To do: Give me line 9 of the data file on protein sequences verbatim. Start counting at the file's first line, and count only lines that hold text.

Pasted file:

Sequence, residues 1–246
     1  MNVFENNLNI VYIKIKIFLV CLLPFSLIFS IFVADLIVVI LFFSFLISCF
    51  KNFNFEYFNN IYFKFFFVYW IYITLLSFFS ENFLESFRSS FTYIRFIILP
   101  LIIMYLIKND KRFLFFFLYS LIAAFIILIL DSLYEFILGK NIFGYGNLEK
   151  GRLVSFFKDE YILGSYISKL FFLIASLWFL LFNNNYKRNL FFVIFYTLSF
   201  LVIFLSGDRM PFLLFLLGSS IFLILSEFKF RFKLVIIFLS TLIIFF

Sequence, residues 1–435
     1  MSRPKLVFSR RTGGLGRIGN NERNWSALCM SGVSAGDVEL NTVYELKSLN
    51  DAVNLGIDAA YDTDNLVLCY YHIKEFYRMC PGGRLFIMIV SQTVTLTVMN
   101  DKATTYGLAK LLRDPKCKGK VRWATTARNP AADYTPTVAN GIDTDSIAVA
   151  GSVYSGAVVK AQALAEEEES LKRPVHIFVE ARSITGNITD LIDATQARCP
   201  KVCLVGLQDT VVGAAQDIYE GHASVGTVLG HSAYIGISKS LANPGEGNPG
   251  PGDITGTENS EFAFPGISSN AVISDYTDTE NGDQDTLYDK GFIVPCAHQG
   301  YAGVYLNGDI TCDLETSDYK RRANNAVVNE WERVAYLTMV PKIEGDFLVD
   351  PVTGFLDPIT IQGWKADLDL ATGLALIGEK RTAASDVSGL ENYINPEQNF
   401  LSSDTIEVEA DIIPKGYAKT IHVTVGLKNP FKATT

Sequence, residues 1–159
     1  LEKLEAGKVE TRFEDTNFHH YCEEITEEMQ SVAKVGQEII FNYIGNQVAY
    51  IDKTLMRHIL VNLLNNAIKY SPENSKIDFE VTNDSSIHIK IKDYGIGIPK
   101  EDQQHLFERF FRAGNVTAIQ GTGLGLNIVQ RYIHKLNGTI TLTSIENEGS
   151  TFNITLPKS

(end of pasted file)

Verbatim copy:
    51  DAVNLGIDAA YDTDNLVLCY YHIKEFYRMC PGGRLFIMIV SQTVTLTVMN